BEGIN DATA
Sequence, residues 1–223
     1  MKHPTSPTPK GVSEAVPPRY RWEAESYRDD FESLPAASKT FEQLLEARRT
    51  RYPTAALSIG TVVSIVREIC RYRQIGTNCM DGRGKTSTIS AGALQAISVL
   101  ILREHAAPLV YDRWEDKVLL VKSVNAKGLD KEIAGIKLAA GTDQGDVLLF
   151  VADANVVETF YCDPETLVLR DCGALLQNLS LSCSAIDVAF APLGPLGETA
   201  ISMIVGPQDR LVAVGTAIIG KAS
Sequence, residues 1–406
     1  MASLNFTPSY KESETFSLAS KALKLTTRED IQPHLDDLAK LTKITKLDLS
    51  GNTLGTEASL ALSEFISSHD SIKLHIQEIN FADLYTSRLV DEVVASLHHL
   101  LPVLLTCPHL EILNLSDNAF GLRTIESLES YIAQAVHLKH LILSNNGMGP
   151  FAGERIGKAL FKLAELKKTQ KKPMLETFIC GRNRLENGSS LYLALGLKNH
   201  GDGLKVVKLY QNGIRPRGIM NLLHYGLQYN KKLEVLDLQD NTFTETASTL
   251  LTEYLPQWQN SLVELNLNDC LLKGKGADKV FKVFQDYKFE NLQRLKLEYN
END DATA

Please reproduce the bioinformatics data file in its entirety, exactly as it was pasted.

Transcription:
Sequence, residues 1–223
     1  MKHPTSPTPK GVSEAVPPRY RWEAESYRDD FESLPAASKT FEQLLEARRT
    51  RYPTAALSIG TVVSIVREIC RYRQIGTNCM DGRGKTSTIS AGALQAISVL
   101  ILREHAAPLV YDRWEDKVLL VKSVNAKGLD KEIAGIKLAA GTDQGDVLLF
   151  VADANVVETF YCDPETLVLR DCGALLQNLS LSCSAIDVAF APLGPLGETA
   201  ISMIVGPQDR LVAVGTAIIG KAS
Sequence, residues 1–406
     1  MASLNFTPSY KESETFSLAS KALKLTTRED IQPHLDDLAK LTKITKLDLS
    51  GNTLGTEASL ALSEFISSHD SIKLHIQEIN FADLYTSRLV DEVVASLHHL
   101  LPVLLTCPHL EILNLSDNAF GLRTIESLES YIAQAVHLKH LILSNNGMGP
   151  FAGERIGKAL FKLAELKKTQ KKPMLETFIC GRNRLENGSS LYLALGLKNH
   201  GDGLKVVKLY QNGIRPRGIM NLLHYGLQYN KKLEVLDLQD NTFTETASTL
   251  LTEYLPQWQN SLVELNLNDC LLKGKGADKV FKVFQDYKFE NLQRLKLEYN